Quality Feedstock Resources

This page is dedicated to providing a comprehensive list of resources available to help improve feedstock quality for composting and anaerobic digestion – in other words, to reduce contamination of food and garden/plant wastes. It includes resources for local authorities, for commercial and industrial parties, for communications campaigns, for on-site operations, and on bio-based biodegradable packaging and plastics, particularly those acceptable for feeding into AD and composting processes.

The list of items below is drawn primarily from the Organics Recycling Group (ORG) website, which is now the REA Organics Forum, but also includes third-party resources.

If you have any questions, feedback, or further resources to add, please don’t hesitate to get in touch.

Collections – Local Authorities

  • WRAP’s household food waste collection guide – This document includes the different options and systems for collecting food waste and highlights issues to consider when planning and implementing a new food waste collection scheme. The guide also provides advice to local authorities with existing weekly separate food waste collections on how to increase participation and capture through effective promotion and communication activities.
  • Guidance on commercial food waste collections – It outlines how collection companies can benefit from improving feedstock quality and practical steps on how it can be achieved.
  • Template food waste collection policy – This provides some examples of practical steps that can be incorporated into your policies and day-to-day operations.
  • WRAP Cost benefit analysis tool – WRAP trials have proven that low cost intervention measures, such as using bin stickers and caddy liners, can increase the amount of household food waste collected for recycling. Designed specially for food waste collectors and processors working jointly, WRAP’s Cost Benefit Analysis tool can help weigh up the costs and associated benefits of implementing those proven intervention measures, based on the specifics of your local arrangements.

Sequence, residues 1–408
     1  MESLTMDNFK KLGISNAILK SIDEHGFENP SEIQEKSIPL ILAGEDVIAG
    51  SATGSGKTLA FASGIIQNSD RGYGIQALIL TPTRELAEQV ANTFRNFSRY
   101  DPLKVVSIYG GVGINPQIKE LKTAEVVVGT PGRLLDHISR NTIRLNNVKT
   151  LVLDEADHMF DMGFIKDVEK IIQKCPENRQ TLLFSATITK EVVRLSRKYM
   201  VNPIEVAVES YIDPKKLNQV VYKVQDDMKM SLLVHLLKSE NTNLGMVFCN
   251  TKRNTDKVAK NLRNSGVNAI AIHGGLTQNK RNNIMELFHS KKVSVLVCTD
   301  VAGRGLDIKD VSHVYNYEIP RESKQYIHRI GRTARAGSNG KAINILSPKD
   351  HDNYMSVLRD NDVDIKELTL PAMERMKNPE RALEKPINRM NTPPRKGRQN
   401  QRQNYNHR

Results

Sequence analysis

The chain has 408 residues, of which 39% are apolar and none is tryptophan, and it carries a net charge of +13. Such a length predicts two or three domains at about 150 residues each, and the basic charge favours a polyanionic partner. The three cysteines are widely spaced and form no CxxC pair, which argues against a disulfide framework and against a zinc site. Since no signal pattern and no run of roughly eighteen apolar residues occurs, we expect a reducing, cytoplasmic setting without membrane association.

• Keeping plastics out of digestates and composts – Joint position from ADBA and REA covering issues relevant to plastics and biodegradable waste materials supplied for composting or AD treatment, including steps that operators, local authorities and the packaging industry can take to help achieve our aim for plastics-free composts and digestates.
  • REA policy on liners and re-purposed bags for collecting targeted food waste streams from domestic and non-domestic  premises in England from 2023/2024 – Its key criterion calls for separately collected, non-packaged and user-unpackaged food waste, and any co-collected with plant waste, to be presented; a) in plastic or paper liners or repurposed bags independently certified complaint with a specified standard (EN 13432 or EN 13995), b) in a user-made caddy/bin lining made of a re-purposed paper non-bag/non-liner item, or c) loose inside the bin.  This policy is also relevant to non-packaged and user-unpackaged food wastes collected from commercial and industrial sources.

Collections – Commercial and Industrial


  • Local authority communication business cases – A summary of pilot projects looking at the local business case for adopting common service profiles consistent with the Framework for greater consistency in household recycling in England.
  • Recycle Now Food Waste Collection communications toolkit – Recycle Now has produced a suite of new downloadable and adaptable communication templates for all partners to use when engaging with people on food recycling. The new resources feature leaflets, posters, vehicle livery and much more.
  • Love Food Hate Waste Communications toolkit – Developed by WRAP for partners to use to run their own campaigns with staff or other audiences. The Toolkit is for partners wanting to promote the value of food, the cost of food waste, and the behaviours that can be adopted in the home to tackle the issue. Included in the Toolkit is a host of assets available in English and Welsh, many of which can be adapted to suit your own organisation and office/building locations, including social media assets, posters, leaflet, blogs, videos, etc. They’re also accompanied by a 5 Step Guide that includes recommendations and case study examples to help you run your own campaign for staff using the Toolkit’s assets.

Tenders and contracts

  • ORG’s Input specification template – Input specification schedule template that enables composters and their suppliers to define a standard for the quality and types of input materials delivered to their composting sites – covers green waste only and co-mingled green and food waste.
  • ORG’s position statement – outlines a range of measures that are strongly recommended for compost producers and their waste suppliers to take to minimise problems arising from physical contaminants in feedstock for composting.